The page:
Short Sellers Crushed Like Never Before as Retail Army Charges
(Bloomberg) -- Short traders in the American stock market are taking a historic pounding as the retail crowd charges into the most-hated names on Wall Street.
The 50 most-shorted companies on the Russell 3000 Index have now surged 33% so far this year, with the Goldman Sachs Group Inc. basket set for its best month since at least 2008.
Whether it’s the Reddit trader army or the inescapable fate of bears in this market, this year’s rally is following one rule: The more hated a firm, the more loved the stock.
The most famous example is GameStop Corp. whose short interest stands at nearly 100% of its free float in IHS Markit Ltd. data. With a more than 350% surge this year alone, one hedge fund has already endured big losses on its bearish bet against the consumer electronics firm that’s been upended by the retail frenzy.
As individual traders snap up call options en masse, dealers have been forced to buy the underlying shares to hedge their books while hedge funds cover their positions in what’s known as a short squeeze.
Bed Bath & Beyond Inc., which is among the 20 most shorted stocks on the Russell 3000, surged almost 78% this year thanks to retail buying. AMC Entertainment Holdings Inc. is more than 110% higher after it staved off bankruptcy.
“The shorts have been absolutely destroyed,” said Geoff Garbacz, principal at Quantitative Partners, a research firm that monitors shorting trends.
Animal spirits may be running riot from value companies and small caps to volatile names, but the sudden surge in handful of stocks beloved by the message-board cohort is remarkable even by the standards of these risk-on times.
Still, institutional stock pickers are likely to have closed some bearish wagers in recent months, meaning that for investors as a whole the damage has likely been limited, according to Garbacz.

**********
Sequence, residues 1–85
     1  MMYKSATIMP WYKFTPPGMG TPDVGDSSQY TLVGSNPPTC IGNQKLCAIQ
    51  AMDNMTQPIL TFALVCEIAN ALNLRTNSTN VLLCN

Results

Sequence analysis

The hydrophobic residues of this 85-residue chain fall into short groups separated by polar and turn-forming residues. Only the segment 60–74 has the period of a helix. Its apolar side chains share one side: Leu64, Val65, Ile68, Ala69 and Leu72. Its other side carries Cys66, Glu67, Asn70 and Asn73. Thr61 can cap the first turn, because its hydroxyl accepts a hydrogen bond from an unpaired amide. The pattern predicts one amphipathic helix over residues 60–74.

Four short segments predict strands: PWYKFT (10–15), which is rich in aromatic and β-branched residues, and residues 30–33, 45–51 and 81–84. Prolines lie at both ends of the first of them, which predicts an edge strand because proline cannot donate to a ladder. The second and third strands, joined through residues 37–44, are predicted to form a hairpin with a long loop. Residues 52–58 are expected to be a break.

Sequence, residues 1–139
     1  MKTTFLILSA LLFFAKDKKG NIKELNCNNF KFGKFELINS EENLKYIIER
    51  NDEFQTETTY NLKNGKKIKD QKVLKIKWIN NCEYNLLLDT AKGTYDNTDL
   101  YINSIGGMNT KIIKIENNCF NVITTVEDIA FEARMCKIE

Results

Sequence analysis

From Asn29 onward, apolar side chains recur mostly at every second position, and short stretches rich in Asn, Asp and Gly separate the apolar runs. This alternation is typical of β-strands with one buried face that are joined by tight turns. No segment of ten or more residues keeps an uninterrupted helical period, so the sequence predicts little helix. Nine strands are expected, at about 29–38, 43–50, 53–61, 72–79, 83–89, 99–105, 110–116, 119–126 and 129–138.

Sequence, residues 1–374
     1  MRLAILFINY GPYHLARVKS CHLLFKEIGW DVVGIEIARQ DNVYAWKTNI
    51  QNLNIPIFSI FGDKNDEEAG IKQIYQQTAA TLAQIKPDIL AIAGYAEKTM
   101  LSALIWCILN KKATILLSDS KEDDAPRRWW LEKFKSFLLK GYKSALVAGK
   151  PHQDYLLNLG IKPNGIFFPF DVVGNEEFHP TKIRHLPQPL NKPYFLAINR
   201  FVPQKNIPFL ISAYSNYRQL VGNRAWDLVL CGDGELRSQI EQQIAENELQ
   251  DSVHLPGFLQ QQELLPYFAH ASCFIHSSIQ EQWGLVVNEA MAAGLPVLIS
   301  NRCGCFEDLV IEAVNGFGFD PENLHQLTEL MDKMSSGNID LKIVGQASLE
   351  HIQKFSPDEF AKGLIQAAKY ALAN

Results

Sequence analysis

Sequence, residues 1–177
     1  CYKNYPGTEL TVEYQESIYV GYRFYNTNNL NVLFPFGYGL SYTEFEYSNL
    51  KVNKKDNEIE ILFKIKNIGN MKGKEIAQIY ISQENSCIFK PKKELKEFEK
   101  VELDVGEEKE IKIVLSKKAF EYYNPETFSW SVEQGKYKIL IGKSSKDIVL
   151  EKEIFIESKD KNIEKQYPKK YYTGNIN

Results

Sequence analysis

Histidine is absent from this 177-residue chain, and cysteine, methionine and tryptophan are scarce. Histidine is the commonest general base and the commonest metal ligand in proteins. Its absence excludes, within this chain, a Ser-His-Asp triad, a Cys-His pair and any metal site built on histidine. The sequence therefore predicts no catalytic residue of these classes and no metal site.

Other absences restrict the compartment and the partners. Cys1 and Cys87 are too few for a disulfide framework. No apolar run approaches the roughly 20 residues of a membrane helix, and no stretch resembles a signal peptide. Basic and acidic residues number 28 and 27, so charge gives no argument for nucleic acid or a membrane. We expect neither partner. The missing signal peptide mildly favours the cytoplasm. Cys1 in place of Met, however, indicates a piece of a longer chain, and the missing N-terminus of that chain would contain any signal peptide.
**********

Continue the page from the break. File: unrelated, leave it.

Amid the market rebound that defied expectations, short sellers lost 48% last year in the worst decline since at least 2005, compared with a 4.6% gain in long-short funds that still retain net exposure to the market, Hedge Fund Research indexes show.
Short interest dropped in 2020 and stood near an eight-year low as a percentage of free float by the end of December, exchange data compiled by Bloomberg show.
Whether the recent surge in the most-shorted stocks should scare the pros is a matter of debate. In some respects, it does sit awkwardly with quant investors who trade on the basis of long-term research.
Many systematic managers use stock lending fees as a signal for trading shares, since heavily shorted names typically underperform. One explanation is that short sellers know something others don’t, and the more willing they are to pay for their bets, the better their information probably is.
Yet those sentiments may seem quaint in this era of r/WallStreetBets.
Still across the entire U.S. market, a strategy that bets on the most-shorted quintile of companies and against shares with the lowest short interest returned a modest 1% this month and has lost 24% over the past 15 years, data compiled by Bloomberg show.
That suggests all this activity in favor of the most-hated stocks may prove short-lived and idiosyncratic.
“It’s a non-traditional short squeeze,” said Garbacz at Quantitative Partners, referring to GameStop’s recent moves. “It’s not being typically driven by people closing out their positions, it’s been forced because all this options activity is occurring.”
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